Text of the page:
YORK, Maine — The town remains the second-most property-rich municipality in the state, according to assessor Rick Mace. That’s still behind Portland but ahead of No. 3 on the list, South Portland.
Mace provided that context while recently presenting his annual assessing report, which covers the period from April 2018 to April 2019. The overall assessed value of property in town is $4.5 billion.
Property taxpayers are paying $11.15 per $1,000 of assessed property value, unchanged from the previous year. These funds are then expended to pay for the capital, town and school fiscal year 2020 budgets.
The tax rate remains the same in part because the percentage increase of new taxable value is less in fiscal year 2020 (3.24 percent) than it was in fiscal year 2019 (4.1 percent). New building construction amounted to $53.9 million, down from $87.7 million in fiscal year 2019. The reason can also be found in annual spending. In fiscal year 2019, valuation went up 4.1 percent but the budget increased 5.9 percent. In fiscal year 2020, valuation went up 3.2 percent and the budget increased a more modest 3.97 percent.
Mace said even though “the real estate market won’t say it’s off, home sales are down” year to year — from 423 to 399. Still, he said, this hasn’t affected the market value of buildings. Of 80 neighborhoods in York, 34 percent had increases in value and none saw a decrease. The condo market is also strong, he said. Of 160 condo complexes in town, 100 saw an increase and only three had a decrease in value.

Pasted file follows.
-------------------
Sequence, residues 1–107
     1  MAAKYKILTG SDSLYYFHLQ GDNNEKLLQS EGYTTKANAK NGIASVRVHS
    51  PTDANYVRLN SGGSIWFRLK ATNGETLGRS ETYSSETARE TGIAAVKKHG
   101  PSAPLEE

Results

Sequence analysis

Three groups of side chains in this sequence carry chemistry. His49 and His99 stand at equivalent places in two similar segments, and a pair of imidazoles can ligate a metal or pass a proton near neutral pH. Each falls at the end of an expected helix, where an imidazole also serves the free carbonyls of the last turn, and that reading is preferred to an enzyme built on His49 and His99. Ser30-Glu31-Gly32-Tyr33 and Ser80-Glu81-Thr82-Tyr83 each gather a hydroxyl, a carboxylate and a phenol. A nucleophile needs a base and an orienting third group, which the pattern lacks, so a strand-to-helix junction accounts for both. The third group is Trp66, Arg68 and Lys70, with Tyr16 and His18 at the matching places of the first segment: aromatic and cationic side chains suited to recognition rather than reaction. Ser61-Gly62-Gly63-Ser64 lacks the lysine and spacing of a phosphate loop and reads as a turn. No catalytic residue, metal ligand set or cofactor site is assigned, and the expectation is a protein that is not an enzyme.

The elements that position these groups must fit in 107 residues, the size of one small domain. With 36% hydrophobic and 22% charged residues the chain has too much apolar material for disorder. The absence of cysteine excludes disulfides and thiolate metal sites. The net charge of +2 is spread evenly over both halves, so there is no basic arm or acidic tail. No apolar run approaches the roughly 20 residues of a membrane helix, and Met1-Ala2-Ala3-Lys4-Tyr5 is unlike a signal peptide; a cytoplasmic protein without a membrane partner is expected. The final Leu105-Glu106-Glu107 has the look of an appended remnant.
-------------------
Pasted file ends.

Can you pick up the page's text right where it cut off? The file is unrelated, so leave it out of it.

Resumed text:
Other facts in his report:
— The average selling price of a home not on the water was $492,279. For those on the water, the average selling price was $1.5 million.
“Almost half a million for a house that’s not on the water. That’s pretty remarkable,” Mace said. “Waterfront houses are getting up there in thin air. As I looked at prices this past spring, prices were through the roof.”
— Of the total number of properties in York, 7,358 increased in valuation; 2,841 remained the same; and 1,018 went down in value.
When Mace presented his report to the Board of Selectmen at a recent meeting, Selectman Robert Palmer said he was approached by one older resident whose tax bill went up 13 percent, or $500. “She said, ‘I don’t have $500.’ Condos in particular went up,” he said.
Mace said he can’t increase a neighborhood or a class of property “based on two or three sales. I have to have half a dozen sales before I can make an adjustment. We double check and fine tune. We don’t want to increase a lot value if the building value is low or vice versa.”